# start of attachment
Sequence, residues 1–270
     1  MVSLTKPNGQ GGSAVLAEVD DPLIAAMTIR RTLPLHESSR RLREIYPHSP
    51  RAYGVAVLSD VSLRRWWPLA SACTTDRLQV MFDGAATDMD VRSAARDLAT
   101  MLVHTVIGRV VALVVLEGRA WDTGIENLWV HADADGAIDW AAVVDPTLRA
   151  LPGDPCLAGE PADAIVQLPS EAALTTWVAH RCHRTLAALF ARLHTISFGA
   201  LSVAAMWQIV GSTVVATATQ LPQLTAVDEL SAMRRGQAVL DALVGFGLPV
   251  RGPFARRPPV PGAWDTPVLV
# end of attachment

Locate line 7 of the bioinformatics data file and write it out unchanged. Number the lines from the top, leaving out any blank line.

   251  RGPFARRPPV PGAWDTPVLV